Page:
(A personal) Reflection on PLPR 2024 (by Walter T. de Vries – TUM)

The Land Management Chair of the Technical University Munich had the honour to host the PLPR 2024 conference, with financial support from the German Research Foundation, the TUM Global Incentive Fund and the School of Engineering and Design. It took place from 18 till 22 March 2024, contained 2 keynote sessions, 2 panel discussions, 1 PhD workshop, 33 parallel sessions, 1 thematic excursion, 1 social event, 1 conference dinner, a reception hosted by the City of Munich and an endless number of informal meetings and gatherings. A total of 162 people participated in the conference, representing institutions from 31 countries of 5 continents. In sum, it was truly an international, multi-faceted and inspiring event, and – from my personal perspective – a magnificent opportunity to meet all the renown international researchers in our field live!

PLPR 2024 Keynote speaker
PLPR 2024 Keynote Speaker: Jacqueline Charlier. Source: PLPR

The week started off with a PhD workshop with over 20 PhD researchers with different backgrounds. Each of the PhD students at different stages of their research shared their progress and experiences in 3 separate groups, mentored by Thomas Hartmann, Richard Norton and Rachelle Altermann.  This workshop did not only reveal how young researchers are currently creating new insights and case studies in the PLPR knowledge domain but also demonstrated that progressing in research and staying motivated requires a network of peers as well as interaction with experienced researchers.  

The keynote speakers were Jacqueline Charlier and Danielle Schaper, who addressed aspects of urban planning in the city of Munich and property valuation in Germany respectively. Whilst Munich has some of the highest population densities in Germany and in Europe, there is still an urgent housing need which the city is currently actively developing with both new projects and a restructuring project. The take-away messages were that a key element in planning remains the need for social, subsidised, and affordable housing, and closely working with newly emerging stakeholders in this process, such as local cooperatives. This is occurring in an environment with dynamic property prices, yet in a regulatory information context which is not always transparent. Standardisation in valuation methods as well as the principle of equality enshrined in the constitution should foster more transparency.         

The two panel discussions reflected on land policy in Munich and on development in planning law. Both sessions generated a lively debate on what is considered right or wrong in developing and executing land and property policies, and how the perceptions on norms, regulations and rules guiding land, property and space have changed over time.  It was remarkable to see that despite good intentions to influence land and spatial developments in a responsible and sustainable manner, the practice of implementing polices tends to be more complex than the theoretical and conceptual guidelines guiding these.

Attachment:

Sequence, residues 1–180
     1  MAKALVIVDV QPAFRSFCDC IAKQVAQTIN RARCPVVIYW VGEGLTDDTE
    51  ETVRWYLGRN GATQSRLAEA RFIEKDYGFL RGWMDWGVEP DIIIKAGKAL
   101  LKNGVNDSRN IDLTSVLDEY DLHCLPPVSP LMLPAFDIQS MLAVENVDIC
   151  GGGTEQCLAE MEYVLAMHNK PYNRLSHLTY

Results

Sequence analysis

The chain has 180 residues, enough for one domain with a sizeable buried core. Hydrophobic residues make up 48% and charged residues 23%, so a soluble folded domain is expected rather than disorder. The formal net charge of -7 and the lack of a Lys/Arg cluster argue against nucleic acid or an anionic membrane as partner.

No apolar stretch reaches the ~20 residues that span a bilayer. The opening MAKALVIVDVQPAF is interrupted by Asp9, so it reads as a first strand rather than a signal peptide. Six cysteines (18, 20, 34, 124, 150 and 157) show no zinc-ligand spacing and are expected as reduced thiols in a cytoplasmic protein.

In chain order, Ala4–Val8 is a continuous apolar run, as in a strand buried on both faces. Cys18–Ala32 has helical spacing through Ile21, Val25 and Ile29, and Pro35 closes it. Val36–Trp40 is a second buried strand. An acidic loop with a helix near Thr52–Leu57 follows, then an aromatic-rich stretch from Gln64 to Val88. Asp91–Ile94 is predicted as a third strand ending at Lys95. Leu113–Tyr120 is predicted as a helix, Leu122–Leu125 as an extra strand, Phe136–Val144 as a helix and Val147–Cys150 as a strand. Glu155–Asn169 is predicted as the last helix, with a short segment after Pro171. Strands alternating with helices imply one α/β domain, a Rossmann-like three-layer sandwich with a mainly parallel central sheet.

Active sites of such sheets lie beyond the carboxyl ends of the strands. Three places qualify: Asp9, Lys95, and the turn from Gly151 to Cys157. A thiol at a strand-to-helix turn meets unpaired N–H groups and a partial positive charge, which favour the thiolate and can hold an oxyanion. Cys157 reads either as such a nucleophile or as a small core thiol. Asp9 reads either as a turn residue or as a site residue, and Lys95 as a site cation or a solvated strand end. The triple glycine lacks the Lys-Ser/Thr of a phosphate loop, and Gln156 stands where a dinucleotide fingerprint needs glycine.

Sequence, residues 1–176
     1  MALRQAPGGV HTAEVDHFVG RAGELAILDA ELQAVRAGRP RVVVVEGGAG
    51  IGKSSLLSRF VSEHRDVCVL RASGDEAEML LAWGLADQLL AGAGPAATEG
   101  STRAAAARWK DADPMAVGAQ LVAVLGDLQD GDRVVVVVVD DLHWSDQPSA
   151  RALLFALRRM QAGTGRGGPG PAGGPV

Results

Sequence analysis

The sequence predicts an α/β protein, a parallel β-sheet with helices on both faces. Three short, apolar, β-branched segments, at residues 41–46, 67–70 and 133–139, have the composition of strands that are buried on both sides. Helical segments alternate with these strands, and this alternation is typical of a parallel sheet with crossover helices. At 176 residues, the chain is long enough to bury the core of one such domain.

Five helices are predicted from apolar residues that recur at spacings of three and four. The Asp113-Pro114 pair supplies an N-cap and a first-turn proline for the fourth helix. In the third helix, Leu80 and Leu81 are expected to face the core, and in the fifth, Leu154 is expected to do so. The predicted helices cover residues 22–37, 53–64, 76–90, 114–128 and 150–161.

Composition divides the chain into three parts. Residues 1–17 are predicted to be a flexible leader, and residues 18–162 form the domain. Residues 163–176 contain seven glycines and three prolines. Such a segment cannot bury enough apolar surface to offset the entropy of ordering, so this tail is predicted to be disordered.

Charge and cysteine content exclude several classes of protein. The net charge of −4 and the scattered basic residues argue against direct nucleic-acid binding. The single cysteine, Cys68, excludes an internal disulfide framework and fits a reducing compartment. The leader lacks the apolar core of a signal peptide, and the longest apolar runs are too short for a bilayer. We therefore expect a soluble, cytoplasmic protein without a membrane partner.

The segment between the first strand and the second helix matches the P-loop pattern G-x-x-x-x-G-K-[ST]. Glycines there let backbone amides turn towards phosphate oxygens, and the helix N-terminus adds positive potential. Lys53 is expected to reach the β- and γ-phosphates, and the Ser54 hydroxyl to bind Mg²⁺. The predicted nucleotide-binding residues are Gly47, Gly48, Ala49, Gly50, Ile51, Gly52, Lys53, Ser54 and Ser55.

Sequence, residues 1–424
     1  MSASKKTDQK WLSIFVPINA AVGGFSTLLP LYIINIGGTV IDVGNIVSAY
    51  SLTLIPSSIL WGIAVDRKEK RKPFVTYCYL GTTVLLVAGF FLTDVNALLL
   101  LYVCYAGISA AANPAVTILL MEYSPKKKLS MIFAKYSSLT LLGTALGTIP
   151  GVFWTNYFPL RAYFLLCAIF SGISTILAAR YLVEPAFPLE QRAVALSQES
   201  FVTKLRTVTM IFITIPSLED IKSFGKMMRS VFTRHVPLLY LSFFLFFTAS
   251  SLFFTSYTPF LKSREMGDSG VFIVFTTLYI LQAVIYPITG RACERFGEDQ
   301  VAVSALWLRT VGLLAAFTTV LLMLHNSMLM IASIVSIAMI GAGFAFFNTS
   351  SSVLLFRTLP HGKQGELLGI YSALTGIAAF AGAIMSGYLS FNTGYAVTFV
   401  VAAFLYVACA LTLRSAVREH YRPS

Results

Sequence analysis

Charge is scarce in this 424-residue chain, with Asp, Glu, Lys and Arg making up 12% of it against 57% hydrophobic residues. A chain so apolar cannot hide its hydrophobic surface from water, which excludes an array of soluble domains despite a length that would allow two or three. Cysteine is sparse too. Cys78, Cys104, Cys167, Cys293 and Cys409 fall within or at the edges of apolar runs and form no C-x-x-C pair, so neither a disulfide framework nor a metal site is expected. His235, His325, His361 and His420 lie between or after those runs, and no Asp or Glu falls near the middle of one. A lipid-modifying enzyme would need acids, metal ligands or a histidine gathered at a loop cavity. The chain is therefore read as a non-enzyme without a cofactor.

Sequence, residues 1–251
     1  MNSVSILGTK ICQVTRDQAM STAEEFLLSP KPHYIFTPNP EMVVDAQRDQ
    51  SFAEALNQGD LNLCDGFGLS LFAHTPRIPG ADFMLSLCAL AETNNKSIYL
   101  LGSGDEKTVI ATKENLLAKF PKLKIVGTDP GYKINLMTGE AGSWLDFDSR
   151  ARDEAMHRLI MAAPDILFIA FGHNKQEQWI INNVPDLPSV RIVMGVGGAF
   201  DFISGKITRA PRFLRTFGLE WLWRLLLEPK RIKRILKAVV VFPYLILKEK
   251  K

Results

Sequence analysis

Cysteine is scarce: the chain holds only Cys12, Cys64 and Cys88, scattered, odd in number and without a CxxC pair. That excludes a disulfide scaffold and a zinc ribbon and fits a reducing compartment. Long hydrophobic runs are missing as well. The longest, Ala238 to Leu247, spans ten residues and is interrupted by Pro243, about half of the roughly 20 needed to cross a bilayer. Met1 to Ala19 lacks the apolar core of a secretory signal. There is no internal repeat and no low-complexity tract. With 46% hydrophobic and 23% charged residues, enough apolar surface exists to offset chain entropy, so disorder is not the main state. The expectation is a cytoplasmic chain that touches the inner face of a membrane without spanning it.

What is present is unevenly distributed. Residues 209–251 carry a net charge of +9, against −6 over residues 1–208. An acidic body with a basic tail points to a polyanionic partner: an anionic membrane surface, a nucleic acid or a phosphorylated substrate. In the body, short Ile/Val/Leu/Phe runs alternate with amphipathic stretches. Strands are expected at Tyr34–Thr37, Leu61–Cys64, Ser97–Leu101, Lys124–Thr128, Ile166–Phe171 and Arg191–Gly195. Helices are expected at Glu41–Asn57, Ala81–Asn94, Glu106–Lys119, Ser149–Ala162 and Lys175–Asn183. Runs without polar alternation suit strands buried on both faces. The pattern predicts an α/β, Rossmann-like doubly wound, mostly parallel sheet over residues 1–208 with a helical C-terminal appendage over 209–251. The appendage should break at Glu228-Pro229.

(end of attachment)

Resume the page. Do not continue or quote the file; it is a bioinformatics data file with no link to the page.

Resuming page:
The presentations and abstract of the parallel session captured a large variety of topics and angles, grouped according to, amongst others, planning theories, spatial developments (densification, urban sprawl, transportation), land, water and energy policies, law reform and legal regulations, and aspects of property, tenancy and ownership. From a land management perspective, my personal choice was to attend the sessions dealing with land and property rights, restrictions and regulations and the information infrastructures guiding or detecting these. As a Chair we hope to follow up on these particular research directions. 

Looking back on the experiences of this intense week, all-in-all, the entire event has been positively perceived by many participants and the Land Management Chair at TUM itself. For us, it has been an excellent opportunity to become engaged in this international network of PLPR scholars and obtain new ideas for the upcoming PLPR’s, publications and research collaborations.  The responses during the informal parts of the conference clarified how broad and interdisciplinary the PLPR knowledge domain is. Given this, the Chair remains committed to participate in upcoming PLPR events.     

Last but not least, a special thanks goes to Liliane Raths from our Chair, who together with all the others supporting this conference, took the lead in managing and organising all the nitty-gritty of the conference, including the day-to-day planning, the communication, the marketing and the design and execution of the social and professional program items!  A job well done!